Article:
Hello, again, and welcome. I’m Jim Tedder in Washington. On today’s program, we are talking U.S. politics.
There are many people who want to be president of the United States. But, of course, not everyone can be. That is why there is a long process through which political parties choose candidates for the nation’s highest office. The process can easily begin as early as two and a half years before the presidential election.
The leading parties hold primary elections and caucuses to help reduce the number of candidates. Then the party’s nominee is officially named at a national convention or meeting.
The next US presidential election is still more than two years away. But some of the possible candidates are starting to organize their campaigns. Today, Milagros Ardin looks at the race for the presidential nomination in the Republican Party.
For the first time in many years, there appears to be no clear leader for the Republican nomination. At this early date, there are some individuals who are at least considering a run for the White House. Among them is Senator Rand Paul of Kentucky. He recently won a test vote at a meeting of conservative activists. The senator is a strong critic of President Barack Obama.
“We will challenge you in the courts. We will battle you at the ballot box. Mr. President, we will not let you shred our Constitution!”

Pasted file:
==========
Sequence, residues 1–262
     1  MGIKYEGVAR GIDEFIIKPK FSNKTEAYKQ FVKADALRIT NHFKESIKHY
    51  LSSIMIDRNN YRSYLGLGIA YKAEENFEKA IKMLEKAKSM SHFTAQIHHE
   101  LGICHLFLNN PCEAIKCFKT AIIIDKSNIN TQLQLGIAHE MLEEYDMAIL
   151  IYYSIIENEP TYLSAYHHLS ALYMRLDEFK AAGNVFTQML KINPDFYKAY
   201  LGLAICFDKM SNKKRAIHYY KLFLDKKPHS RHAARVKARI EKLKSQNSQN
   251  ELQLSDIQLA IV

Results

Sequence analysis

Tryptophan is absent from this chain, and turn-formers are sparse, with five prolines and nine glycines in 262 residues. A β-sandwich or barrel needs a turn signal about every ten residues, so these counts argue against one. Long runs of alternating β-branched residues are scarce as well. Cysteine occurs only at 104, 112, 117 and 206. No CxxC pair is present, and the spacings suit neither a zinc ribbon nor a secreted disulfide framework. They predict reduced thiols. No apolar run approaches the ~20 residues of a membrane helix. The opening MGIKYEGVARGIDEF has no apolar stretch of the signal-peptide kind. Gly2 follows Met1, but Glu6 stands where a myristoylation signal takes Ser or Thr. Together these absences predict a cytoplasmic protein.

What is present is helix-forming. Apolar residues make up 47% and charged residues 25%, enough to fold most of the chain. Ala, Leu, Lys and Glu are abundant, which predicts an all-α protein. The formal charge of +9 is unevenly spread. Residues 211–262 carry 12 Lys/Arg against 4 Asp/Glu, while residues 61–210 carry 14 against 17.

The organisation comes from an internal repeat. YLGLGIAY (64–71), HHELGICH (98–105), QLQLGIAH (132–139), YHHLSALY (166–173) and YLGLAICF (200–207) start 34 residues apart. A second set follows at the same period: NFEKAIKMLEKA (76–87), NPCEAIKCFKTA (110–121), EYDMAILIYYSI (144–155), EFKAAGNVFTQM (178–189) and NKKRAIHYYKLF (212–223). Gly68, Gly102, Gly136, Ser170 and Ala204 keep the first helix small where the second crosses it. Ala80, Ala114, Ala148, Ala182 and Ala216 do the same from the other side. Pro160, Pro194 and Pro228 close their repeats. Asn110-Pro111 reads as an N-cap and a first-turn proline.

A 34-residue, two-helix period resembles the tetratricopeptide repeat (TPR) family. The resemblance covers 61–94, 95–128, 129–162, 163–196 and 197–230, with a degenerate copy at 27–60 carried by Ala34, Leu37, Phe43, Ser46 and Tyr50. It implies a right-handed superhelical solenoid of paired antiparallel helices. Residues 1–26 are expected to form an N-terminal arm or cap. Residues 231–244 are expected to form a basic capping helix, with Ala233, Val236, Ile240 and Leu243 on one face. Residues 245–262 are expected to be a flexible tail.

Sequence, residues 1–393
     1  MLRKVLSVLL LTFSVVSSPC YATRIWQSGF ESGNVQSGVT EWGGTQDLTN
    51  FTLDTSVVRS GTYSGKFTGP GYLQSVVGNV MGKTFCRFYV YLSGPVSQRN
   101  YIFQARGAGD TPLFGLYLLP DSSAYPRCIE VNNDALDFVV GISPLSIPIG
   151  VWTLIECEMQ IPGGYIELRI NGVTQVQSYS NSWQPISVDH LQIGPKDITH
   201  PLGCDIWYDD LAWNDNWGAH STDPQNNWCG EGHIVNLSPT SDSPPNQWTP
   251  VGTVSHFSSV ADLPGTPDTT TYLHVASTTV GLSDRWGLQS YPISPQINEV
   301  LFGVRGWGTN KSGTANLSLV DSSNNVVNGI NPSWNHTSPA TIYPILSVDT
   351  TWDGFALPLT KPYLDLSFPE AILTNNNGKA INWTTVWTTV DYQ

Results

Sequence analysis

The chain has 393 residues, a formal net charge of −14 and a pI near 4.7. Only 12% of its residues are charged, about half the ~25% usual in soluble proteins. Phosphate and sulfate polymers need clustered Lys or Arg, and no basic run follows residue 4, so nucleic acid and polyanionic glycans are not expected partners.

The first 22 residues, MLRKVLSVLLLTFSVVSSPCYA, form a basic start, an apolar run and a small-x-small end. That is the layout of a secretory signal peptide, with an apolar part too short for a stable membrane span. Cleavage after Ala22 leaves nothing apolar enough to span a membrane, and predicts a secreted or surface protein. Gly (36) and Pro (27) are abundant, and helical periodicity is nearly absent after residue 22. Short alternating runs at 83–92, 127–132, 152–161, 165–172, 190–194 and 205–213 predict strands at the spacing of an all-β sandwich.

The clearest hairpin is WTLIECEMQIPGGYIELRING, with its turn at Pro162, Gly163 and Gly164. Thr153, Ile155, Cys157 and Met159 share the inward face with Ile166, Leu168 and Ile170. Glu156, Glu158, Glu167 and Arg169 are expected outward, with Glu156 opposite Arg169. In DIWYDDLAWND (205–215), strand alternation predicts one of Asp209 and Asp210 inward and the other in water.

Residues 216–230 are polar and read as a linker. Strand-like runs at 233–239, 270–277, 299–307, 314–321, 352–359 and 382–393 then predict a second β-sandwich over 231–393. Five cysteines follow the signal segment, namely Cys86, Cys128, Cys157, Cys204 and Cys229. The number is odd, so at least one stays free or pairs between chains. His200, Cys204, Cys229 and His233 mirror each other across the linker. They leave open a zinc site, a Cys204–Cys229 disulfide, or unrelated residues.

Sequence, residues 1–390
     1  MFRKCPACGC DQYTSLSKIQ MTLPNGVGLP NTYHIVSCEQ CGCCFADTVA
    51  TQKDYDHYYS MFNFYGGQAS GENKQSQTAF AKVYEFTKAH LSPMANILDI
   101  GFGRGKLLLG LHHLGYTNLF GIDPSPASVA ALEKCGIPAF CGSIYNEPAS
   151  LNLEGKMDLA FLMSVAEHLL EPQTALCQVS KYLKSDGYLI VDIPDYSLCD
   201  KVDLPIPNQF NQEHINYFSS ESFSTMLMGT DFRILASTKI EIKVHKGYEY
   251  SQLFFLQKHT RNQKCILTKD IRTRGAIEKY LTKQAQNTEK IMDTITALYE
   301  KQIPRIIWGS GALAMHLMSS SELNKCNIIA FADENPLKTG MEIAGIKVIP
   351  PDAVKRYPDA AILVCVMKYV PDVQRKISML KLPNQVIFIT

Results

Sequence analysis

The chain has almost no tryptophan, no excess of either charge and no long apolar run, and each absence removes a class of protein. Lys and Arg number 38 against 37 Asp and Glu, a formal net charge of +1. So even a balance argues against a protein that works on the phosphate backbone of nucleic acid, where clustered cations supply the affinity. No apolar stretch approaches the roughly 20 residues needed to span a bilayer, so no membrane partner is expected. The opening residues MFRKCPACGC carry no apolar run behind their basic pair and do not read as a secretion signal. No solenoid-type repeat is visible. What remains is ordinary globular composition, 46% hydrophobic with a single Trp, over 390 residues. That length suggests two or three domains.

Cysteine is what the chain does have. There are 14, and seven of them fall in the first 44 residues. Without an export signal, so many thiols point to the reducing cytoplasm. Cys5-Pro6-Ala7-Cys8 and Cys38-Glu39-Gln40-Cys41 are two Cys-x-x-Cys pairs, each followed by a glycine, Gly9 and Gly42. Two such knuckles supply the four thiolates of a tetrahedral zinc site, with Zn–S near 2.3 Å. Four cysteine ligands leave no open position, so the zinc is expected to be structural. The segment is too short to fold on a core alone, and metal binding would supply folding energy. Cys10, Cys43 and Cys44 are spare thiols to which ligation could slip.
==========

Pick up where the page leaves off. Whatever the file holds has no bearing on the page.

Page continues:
Senator Paul is likely to have plenty of competitors. One of them is another Senator, Ted Cruz of Texas.
“People are hurting, tragically, and we need to turn this country around. We did it in 1980 with a grass roots movement that became the Reagan Revolution, and let me tell you, the same thing is happening all over today.”
Senators Cruz and Paul are popular with Tea Party activists. The Tea Party has been a force within the Republican Party ever since it helped the Republicans win control of the House of Representatives in 2010.
Former Alaska Governor Sarah Palin has urged Republican leaders not to forget the importance of the Tea Party.
“You know that 2010 election victory that swept you into power? You didn’t build that. The Tea Party did!”
Carroll Doherty is with the Pew Research Center in Washington, DC. He says the split within the Republican Party will play out during the US congressional elections later this year.